Advice

Left-Brain or Right-Brain: Which Builds Better Products?

This post originally appeared on my Inc.com column on February 16, 2017.

Left-brain vs. right-brain. Calculated, precise, and mathematical vs. creative, flexible, and emotional. Two opposing hemispheres locked in an internal battle to determine what from within makes it out into the world.

It’s a perceived struggle that has raged on for the entirety of human existence, and for the most part, the war has been balanced. However, never has the fight been more one-sided than in the current world of business.

The dawn of the tech giants and big data has thrust us into an era of emphasis on STEM and its introduction into a person’s education as early as possible. Some argue that to be successful is to be technical. Once revered backgrounds in the humanities, arts, and social sciences are so underrepresented in the workplace that the majority of undergraduates have begun to avoid such degrees altogether for fear of being unemployable.

But to invoke a few key ideas from these forgone disciplines, the overemphasis on technical prowess in business is a tragic, and often – especially when it comes to entrepreneurship – fatal flaw.

What Can The Humanities Offer Businesses?

As with many of the concepts in the realm of the humanities, the question of what value hiring right-brained employees can add to a company has a largely open-ended answer.

This is simply because the areas where those well-versed in the liberal arts can help a company thrive – such as in understanding what customers want, how they want to be treated, and how to anticipate their future behavior – are either hard to quantify or intangible altogether.

But understanding culture and being able to readily assess and interpret the ever-changing perspectives of society is something that can help drive successful innovation in today’s increasingly competitive marketplaces.

To substantiate this claim, look towards the startup industry’s insatiable desire for being “disruptive.” By definition, dreaming up a disruptive idea requires an ability to redefine or even create a new industry altogether. In truth, such a thing can only be achieved if one has the ability to challenge traditional theories, predict outcomes based on concepts rather than data, and then effectively communicate how and why this idea is important, to both colleagues and customers alike.

A few leaders I follow who have tapped into their humanities backgrounds in order to achieve this way of thinking: Reid Hoffman (Founder of LinkedIn), Mike Krieger (Founder of Instagram), Chris Cox (Former Product Officer at Facebook), Marissa Mayer (Former Yahoo Head), and Scott Forstall (Creator of iOS).

The Critical Balancing Act

Does this mean having employees with technical prowess is not important in business? Definitely not.

What’s more likely is that it’s best to have people who are adept at balancing both their technical and humanist sides when making decisions.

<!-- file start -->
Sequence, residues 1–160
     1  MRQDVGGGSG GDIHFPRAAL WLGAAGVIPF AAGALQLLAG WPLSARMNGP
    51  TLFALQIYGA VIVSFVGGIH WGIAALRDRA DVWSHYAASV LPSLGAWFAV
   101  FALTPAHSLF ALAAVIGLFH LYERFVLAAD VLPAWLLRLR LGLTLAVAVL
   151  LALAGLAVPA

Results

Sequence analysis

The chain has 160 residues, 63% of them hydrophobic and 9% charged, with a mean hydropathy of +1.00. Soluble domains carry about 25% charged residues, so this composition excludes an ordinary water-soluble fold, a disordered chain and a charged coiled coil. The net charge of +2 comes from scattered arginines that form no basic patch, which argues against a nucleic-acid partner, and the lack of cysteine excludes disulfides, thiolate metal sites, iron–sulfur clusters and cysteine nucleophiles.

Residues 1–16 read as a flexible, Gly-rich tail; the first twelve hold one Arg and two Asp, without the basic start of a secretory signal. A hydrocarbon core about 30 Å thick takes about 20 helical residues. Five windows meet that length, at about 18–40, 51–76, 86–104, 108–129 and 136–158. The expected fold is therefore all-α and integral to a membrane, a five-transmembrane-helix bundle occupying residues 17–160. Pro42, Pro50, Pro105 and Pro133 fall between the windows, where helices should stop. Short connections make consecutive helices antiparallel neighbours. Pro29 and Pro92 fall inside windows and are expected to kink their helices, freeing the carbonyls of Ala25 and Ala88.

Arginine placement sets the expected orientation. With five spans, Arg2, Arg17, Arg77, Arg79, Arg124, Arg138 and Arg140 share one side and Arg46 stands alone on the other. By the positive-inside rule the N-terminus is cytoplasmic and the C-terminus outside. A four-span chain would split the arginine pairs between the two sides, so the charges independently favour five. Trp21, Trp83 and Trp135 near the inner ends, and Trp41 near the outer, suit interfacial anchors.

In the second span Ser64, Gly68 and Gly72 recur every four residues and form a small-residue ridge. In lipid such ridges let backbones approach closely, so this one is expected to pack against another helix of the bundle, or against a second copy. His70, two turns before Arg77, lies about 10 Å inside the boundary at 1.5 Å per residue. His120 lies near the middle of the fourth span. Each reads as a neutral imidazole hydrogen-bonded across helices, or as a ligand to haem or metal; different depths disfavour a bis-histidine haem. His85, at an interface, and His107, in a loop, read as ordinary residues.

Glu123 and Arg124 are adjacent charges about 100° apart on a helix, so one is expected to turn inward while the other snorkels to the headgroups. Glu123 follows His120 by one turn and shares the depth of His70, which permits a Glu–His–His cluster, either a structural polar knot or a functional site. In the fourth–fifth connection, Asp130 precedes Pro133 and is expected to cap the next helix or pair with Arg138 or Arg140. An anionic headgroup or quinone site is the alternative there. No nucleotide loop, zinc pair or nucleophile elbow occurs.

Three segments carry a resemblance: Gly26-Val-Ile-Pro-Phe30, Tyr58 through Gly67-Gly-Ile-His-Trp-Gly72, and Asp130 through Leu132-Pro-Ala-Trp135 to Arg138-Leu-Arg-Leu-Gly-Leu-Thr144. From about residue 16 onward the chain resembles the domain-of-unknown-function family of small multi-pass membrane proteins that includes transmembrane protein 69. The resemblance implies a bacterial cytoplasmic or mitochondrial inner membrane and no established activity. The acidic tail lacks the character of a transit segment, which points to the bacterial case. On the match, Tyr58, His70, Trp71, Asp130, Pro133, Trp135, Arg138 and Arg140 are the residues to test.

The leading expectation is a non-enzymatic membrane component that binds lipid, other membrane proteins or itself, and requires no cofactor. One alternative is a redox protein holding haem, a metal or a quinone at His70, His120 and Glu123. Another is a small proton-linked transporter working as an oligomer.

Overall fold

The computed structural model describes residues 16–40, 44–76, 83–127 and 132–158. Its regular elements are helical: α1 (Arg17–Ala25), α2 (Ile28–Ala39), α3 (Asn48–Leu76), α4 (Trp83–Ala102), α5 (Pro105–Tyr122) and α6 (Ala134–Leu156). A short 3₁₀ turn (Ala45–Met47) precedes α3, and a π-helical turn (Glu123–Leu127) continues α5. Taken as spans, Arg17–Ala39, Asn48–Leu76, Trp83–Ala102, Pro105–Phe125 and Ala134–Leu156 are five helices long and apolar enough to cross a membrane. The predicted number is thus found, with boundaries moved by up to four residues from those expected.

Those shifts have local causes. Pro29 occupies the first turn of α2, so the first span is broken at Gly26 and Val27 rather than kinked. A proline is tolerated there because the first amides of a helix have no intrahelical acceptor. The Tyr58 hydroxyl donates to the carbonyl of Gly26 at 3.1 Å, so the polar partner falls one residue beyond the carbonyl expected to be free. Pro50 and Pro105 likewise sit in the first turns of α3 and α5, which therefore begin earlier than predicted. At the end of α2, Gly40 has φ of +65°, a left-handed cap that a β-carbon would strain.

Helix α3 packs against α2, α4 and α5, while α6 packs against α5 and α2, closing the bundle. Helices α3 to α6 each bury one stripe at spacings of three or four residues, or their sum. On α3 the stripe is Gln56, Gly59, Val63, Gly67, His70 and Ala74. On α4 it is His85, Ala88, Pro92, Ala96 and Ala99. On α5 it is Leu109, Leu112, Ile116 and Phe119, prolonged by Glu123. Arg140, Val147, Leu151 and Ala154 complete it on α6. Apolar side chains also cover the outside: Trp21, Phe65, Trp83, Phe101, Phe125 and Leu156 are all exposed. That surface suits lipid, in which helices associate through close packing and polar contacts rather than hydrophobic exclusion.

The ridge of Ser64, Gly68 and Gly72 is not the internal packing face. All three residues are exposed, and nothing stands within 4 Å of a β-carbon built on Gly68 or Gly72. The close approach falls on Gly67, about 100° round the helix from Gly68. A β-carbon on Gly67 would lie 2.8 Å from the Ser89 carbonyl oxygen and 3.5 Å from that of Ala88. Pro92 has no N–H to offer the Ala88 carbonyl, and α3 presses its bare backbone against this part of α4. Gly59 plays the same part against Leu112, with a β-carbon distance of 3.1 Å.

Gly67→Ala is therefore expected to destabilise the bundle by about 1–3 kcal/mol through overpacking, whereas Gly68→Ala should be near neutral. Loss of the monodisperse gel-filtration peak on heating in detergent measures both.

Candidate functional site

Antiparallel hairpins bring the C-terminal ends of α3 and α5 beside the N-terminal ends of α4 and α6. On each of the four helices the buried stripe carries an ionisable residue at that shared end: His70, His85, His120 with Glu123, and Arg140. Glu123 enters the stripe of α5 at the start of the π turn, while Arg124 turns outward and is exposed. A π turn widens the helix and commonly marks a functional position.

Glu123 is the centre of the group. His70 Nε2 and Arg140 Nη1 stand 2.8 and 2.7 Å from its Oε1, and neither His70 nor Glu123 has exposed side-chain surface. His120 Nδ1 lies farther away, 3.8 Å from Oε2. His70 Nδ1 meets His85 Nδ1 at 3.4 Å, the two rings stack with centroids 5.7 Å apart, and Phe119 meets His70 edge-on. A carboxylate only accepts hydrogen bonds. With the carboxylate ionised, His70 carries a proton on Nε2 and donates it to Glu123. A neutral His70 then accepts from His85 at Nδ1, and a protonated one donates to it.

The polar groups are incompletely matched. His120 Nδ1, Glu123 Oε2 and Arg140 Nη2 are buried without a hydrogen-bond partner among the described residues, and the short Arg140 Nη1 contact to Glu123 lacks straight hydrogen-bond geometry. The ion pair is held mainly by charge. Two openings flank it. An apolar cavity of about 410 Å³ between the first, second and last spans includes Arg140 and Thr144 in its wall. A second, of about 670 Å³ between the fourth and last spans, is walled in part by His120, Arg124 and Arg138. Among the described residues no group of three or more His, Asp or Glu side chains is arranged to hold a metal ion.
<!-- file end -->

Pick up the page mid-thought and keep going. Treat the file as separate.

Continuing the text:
Going back to the aforementioned individuals, all of whom were graduates of Stanford’s Symbolic Systems major – a degree focused on studying psychology, logic, and linguistics – it seems the best product leaders tend to be equal parts philosophy and computer science.

This balance is useful because it allows individuals to bridge the gap between the more social, empathetic, qualitative challenges a business faces, and the more data-centric, quantitative ones which dictate a business model.

With both approaches in hand, individuals that drive a business, such as Product Managers, can have a higher level of vision when assembling the pieces of their idea into a coherent strategy. And this superior point of view ultimately leads to a product or service that not only knows what its customers want, but can also understand why – two importantly separate things.

Fuzzy vs. Techie

Sticking with Stanford for a moment, where students self-identify and differentiate between “fuzzy” (i.e. arts, humanities, social sciences) and “techie” (self-explanatory) disciplines, we can see further evidence of how each way of thinking remains at odds with the other.

At the end of the day the real benefit of a Liberal Arts background comes from its student’s abilities to re-think how something can work, and communicate this idea in a compelling manner. And an often overlooked fact is that the Liberal Arts also includes natural sciences.

I got a chance to read an early version of The Fuzzy and the Techie, a new book by Scott Hartley that comes out in April. He explores this idea that product leaders must balance empathy and psychology with design and development in order to be best poised for success. He attempts to debunk this faux opposition of technical versus non-technical by describing what it takes to create our best products, companies, and organizations. It takes both. Give it a read when it comes out.

And as tech grows increasingly complicated, it will become essential to have individuals who not only can understand how to build something, but who can also maintain a solid grasp on a product’s ultimate goals and direction amidst the often chaotic changing tastes and moods of its customers.